Adding some plants to your indoor living space isn’t just pretty, it’s good for you. Plants increase the amount of oxygen in the air and they can improve mood with their beauty. Some plants are easier to grow than others, and in today’s busy world, nobody has much time to cater to the needs of indoor plants. Fortunately, you don’t need to! There are many plants that are gorgeous and flourish wish very minimal care.
Five Low Maintenance Indoor Plants
Pothos grow well in a variety of room temperatures and literally purify the air of toxins. They have beautiful trailing stems that can grow up to eight feet long but can handle being cut back often and easily to suit your style and tastes. These plants handle drought fairly well and don’t need a vast amount of light.
Aloe is a favorite because not only is it pretty – it is also useful! Who doesn’t want to keep a living burn treatment around? It’s also a succulent, so it likes rather dry conditions and room temperatures that are on the cool side. Bigger versions of this plant can reach three feet high which can make for some exciting visual contrast.
English Ivy is easy to grow and beautiful. In fact, Ivy is considered an invasive plant in many areas, which means it’s far better to keep it inside and in a pot so that it won’t grow rapidly and choke out indigenous outdoor vegetation. It requires a little sun and a little water, but little else to thrive. It can be repotted in larger pots if need be, and likes to trail up windows, or things as desired.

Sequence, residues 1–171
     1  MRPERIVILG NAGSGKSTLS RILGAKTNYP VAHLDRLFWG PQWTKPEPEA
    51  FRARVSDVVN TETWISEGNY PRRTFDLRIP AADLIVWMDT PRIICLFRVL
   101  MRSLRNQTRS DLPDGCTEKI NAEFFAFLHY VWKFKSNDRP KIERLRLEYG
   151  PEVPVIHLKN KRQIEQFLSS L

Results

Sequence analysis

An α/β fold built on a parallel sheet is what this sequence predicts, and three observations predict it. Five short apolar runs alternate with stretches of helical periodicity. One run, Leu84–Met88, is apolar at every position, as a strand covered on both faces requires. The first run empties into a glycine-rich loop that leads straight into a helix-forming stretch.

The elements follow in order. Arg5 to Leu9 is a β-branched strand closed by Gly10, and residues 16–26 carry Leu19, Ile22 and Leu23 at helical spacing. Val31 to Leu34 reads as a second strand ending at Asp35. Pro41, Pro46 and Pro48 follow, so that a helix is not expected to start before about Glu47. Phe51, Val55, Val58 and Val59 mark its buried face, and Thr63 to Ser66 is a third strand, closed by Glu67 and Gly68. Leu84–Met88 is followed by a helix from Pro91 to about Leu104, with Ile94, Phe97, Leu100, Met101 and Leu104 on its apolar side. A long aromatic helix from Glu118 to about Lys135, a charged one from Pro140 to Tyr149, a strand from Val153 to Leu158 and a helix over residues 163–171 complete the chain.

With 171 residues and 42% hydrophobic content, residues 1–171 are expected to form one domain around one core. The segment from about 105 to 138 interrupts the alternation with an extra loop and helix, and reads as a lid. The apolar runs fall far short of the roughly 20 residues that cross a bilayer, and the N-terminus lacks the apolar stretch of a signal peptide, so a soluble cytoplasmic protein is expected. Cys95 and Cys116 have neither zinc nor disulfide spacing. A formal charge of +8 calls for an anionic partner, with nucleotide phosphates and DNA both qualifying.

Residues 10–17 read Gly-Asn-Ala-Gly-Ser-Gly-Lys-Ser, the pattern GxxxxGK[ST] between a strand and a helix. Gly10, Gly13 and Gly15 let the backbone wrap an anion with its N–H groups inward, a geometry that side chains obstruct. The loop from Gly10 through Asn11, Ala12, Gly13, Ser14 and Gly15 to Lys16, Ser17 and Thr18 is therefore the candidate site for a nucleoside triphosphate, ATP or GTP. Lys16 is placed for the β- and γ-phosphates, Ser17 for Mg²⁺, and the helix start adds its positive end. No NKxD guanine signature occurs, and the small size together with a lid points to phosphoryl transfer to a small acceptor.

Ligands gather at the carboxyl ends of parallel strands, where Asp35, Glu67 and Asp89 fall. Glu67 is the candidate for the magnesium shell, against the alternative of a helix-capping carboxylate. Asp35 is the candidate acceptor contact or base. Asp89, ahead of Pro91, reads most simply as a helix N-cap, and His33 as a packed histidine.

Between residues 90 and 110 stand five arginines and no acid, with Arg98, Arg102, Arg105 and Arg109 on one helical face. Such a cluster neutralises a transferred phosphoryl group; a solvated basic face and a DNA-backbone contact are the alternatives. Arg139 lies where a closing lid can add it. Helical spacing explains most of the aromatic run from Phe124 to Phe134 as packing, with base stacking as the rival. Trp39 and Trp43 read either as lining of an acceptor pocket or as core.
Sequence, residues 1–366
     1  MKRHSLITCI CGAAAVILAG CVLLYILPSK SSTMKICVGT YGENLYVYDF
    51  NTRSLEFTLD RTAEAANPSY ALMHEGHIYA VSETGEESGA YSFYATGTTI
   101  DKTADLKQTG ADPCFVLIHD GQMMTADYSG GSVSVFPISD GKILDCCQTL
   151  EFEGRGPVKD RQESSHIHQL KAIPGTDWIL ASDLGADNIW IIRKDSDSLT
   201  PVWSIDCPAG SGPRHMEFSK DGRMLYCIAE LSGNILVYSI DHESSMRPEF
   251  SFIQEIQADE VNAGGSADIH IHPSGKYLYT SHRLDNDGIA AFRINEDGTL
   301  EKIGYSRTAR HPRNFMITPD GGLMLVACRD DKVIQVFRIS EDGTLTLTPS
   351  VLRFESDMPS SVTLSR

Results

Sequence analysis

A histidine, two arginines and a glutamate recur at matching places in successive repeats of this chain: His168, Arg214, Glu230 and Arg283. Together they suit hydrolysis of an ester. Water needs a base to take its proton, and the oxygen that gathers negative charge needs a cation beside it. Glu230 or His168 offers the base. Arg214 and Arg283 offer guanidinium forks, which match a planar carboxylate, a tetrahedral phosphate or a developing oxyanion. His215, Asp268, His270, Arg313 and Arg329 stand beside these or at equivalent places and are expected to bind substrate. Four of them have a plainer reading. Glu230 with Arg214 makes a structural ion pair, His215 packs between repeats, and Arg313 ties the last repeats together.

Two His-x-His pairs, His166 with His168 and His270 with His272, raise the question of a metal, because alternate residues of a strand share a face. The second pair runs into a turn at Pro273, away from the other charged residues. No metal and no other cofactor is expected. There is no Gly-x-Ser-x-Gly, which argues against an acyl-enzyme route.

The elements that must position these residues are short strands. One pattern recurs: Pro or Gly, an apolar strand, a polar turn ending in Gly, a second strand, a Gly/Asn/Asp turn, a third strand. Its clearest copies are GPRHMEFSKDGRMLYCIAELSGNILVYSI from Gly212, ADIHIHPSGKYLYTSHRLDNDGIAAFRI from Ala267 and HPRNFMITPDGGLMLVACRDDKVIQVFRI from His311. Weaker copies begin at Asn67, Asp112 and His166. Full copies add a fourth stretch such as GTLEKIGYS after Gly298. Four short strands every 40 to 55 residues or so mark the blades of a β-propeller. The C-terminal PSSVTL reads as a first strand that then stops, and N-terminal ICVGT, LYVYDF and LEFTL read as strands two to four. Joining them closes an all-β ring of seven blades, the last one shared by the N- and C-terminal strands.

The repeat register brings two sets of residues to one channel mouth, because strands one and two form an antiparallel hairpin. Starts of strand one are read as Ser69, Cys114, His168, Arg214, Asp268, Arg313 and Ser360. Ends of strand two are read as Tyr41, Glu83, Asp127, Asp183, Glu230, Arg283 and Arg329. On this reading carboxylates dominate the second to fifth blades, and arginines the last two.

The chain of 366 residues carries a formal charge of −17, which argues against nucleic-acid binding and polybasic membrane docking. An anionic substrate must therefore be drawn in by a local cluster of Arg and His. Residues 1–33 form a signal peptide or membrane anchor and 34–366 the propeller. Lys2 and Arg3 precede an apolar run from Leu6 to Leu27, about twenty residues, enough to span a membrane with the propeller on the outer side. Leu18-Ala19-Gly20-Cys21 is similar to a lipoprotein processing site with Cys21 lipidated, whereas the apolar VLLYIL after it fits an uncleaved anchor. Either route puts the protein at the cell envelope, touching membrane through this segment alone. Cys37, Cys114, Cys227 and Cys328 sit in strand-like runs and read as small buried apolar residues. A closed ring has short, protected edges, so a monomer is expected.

Jade plants offer the look of a succulent and the versatility of a plant that will likely live for decades. It prefers a drier soil that needs some sun but can tolerate half shade as well. This is a plant that could move with you to several locations and do wonderfully. If you’re looking for high versatility, this is the right plant for you!
Spider plants are totally cool and easy to grow. Watch them grow their “spin off” spider babies – which you can either continue, or re-pot, or gift to a friend! These plants became famous in the 1970s, but their easy care and high visual interest kept them going for decades.